You can use your own fonts (and have to, for Asian languages etc) and it is easy to do layouts where the size is fixed and you shrink the text down to fit it in (or truncate it). On the other hand is not good for really rich text layout like you can do in HTML and CSS, where the size might vary.

I'm Prawn's maintainer and I think the "fine control over rendering at the cost of having to finely control your renderer" is spot-on.

We are working on a long term solution to that problem by finally focusing on building an extension and components layer for Prawn, which would hopefully allow all sorts of other gems to fill in these gaps. But it's a ways off into the future.

If going to Asciidoc is an option, Asciidoctor is now Prawn based for PDF output, and might make sense for simple reports:


Strong endorsement of the second paragraph here. I love Prawn, but would probably not suggest it for casual reporting. If getting that right is core to the app, though, it is a great option.

I'll add another vote for prawn. It's a great library that has allowed us a lot of flexibility with our generation of pdfs. The author Gregory Brown, as well as the current maintainers, are very active and have done an amazing job at getting it to 1.0. I highly recommend it!

Another vote for Prawn, which I use for on-the-fly PDFs at cycle.travel (Ruby but not Rails). Easy to use and reliable.

Docraptor, http://docraptor.com

It uses the Prince engine (http://www.princexml.com/), so it supports paging, headers, footers, page numbers etc. in addition to standard HTML+CSS3. It's great overall but quite pricey.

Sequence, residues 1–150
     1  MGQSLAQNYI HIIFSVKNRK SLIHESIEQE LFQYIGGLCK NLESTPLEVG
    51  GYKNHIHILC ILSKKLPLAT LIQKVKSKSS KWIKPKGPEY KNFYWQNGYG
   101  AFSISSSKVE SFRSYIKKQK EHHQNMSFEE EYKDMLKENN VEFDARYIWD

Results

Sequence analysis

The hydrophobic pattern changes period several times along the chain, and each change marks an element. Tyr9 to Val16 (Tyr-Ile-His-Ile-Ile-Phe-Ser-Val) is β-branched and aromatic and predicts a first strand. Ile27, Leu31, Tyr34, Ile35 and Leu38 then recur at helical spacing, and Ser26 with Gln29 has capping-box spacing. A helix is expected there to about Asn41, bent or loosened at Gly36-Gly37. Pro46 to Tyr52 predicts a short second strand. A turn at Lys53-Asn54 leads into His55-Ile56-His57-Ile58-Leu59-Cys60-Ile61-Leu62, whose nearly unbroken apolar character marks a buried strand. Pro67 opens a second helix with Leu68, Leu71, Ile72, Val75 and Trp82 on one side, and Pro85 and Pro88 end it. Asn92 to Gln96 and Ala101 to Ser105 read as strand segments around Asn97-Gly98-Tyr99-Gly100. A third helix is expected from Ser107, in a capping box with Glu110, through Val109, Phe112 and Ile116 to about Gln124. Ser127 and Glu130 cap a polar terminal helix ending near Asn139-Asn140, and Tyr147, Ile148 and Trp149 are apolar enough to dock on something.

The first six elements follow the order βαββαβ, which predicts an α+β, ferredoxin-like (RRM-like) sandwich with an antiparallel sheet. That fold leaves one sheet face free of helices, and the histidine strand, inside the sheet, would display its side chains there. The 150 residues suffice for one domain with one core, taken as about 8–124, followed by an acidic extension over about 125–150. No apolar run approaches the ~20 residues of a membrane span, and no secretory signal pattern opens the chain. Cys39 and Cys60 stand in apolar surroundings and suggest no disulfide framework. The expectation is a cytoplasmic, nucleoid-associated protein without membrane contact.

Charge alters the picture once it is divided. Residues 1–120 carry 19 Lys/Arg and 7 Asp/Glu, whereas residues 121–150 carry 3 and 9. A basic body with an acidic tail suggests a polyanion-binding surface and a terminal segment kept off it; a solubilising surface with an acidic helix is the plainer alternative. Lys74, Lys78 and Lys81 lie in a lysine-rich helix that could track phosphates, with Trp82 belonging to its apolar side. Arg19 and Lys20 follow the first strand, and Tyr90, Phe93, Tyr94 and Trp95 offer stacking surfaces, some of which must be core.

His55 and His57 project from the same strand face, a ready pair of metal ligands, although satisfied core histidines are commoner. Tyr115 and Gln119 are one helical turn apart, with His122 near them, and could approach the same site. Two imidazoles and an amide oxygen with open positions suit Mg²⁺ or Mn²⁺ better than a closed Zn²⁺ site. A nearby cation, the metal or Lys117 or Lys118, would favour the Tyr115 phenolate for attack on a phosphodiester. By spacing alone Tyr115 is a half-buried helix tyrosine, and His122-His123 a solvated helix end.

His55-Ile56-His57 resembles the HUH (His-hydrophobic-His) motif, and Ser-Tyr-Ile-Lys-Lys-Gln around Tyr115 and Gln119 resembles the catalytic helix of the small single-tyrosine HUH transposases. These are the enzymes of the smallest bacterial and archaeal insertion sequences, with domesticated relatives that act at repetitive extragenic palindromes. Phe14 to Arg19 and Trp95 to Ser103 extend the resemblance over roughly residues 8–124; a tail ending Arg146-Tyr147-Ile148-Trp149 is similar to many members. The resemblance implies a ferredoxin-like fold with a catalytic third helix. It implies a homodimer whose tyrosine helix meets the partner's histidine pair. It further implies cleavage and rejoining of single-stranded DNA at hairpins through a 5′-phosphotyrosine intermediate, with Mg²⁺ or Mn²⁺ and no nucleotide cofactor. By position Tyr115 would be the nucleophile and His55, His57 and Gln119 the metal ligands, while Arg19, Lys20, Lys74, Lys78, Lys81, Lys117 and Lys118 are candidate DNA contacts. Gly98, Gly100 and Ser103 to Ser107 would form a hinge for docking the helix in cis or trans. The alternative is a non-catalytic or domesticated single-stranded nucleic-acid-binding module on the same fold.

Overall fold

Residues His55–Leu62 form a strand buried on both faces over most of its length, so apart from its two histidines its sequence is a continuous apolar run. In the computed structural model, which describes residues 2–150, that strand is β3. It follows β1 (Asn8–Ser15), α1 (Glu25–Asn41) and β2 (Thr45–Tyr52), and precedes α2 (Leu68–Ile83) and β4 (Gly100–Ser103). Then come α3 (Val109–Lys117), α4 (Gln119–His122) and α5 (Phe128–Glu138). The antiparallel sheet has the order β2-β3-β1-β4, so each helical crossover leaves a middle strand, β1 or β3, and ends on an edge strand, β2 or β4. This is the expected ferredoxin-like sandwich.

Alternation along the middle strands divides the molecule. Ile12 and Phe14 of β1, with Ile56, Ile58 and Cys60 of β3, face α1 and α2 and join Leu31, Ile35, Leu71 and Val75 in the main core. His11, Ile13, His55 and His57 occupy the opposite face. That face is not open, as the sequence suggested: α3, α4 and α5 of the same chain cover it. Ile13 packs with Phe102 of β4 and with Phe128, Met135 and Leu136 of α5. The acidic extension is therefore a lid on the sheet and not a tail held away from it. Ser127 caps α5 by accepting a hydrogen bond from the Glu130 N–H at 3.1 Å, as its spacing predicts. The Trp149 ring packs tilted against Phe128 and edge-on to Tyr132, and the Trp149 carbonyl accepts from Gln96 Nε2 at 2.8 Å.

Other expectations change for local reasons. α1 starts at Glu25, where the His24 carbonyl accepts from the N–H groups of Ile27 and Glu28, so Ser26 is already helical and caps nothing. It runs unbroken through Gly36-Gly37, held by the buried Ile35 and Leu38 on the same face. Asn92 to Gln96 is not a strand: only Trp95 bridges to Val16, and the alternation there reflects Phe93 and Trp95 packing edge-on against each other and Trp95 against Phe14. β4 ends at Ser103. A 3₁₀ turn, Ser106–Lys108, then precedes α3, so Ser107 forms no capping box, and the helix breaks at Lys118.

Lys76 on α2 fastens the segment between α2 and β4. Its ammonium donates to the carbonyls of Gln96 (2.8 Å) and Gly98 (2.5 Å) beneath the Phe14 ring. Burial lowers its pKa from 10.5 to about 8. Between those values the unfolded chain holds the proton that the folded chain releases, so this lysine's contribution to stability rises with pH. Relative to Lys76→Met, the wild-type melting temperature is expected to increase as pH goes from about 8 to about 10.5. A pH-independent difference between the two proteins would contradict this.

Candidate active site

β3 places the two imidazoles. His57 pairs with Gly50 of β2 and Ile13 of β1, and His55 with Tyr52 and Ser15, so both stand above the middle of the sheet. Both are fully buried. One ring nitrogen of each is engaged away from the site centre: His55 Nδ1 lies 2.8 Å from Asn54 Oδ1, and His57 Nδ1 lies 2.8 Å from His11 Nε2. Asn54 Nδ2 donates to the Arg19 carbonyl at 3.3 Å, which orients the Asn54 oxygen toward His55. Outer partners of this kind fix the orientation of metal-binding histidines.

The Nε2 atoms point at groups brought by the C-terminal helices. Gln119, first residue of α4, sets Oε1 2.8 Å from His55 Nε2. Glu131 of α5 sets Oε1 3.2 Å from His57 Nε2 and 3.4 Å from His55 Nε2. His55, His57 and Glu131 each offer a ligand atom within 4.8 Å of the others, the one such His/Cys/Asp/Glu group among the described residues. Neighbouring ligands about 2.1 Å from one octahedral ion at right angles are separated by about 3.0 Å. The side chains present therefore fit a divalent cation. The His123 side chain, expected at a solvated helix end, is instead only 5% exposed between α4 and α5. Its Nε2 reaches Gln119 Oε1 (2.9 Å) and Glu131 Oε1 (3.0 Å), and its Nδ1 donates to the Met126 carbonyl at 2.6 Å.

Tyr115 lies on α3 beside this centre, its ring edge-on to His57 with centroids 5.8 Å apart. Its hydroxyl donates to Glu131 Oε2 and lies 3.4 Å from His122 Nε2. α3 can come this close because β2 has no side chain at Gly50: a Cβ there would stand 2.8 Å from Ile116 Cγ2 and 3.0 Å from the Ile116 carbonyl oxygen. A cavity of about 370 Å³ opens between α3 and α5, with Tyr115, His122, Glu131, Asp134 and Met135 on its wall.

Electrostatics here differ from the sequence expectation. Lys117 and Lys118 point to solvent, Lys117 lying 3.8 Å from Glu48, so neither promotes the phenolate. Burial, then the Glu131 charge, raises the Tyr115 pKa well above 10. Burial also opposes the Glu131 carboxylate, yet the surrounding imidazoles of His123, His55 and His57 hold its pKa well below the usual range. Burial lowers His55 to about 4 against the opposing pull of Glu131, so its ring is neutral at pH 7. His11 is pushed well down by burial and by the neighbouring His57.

I highly recommend Prince/Docraptor as well. However, if you don't have complex layout needs and don't need CSS3 features use wkhtml2pdf. You just have to dynamically layout the page you need and use pass it thru wkhtml2pdf. There are many gems if you are using Rails.

I'd also recommend this, with the caveat that the built in javascript rendering engine isn't that great. The workaround is to load the page with phantomjs, and then send the computed DOM (w/ the JS stripped out) to DocRaptor / Prince.

We're also using Prince, love it. We've previously used PdfCrowd and wkthml2pdf, but our customers were demanding more control of their reports (detailed footers, repeating headers, table of contents).

For Reports with lots of tables and mathematics: generate LaTeX file -> PDFTEX to PDF using MiKTeX

I use this for invoices in my homegrown invoicing system. I also have a script for generating PDF & HTML versions of my resume from the source data, and the PDF version goes through LaTeX. If you're using Ruby, prawn is a nice solution also, but my favorite is going via LaTeX.

Even without math, LaTeX is a pretty nice way to generate documents. Especially with TikZ, you can get really nice autogenerated figures too.

Agreed. LaTeX is the best (well, least-worst) report generating system, mostly because of its extensive ecosystem. It's well-supported in multiple languages, and there are packages for just about everything.

What's wrong with WkHtmlToPdf? It is pretty damn good in a "it just works" way.

To me, no selectable text and full page background images.

I'm in a similar boat to OP, so I would be interested to know as well as far as what didn't go so well with wkhtmltopdf.

We use it here and have found it to be very flexible. We render a DOM in memory which we can then turn in to a variety of formats: markdown, html, pdf etc.

I use PrinceXML, which is a few hundred or a few thousand depending on what you need, instead of fifty thousand. Prince converts [html/xml + css] to PDF, and has the most complete CSS3 implementation I'm aware of by a green mile.

There's a free version you can experiment with, to find out.

Basically seems like if you're going to be using docraptor heavily, you might as well buy a license and the underlying technology yourself, right?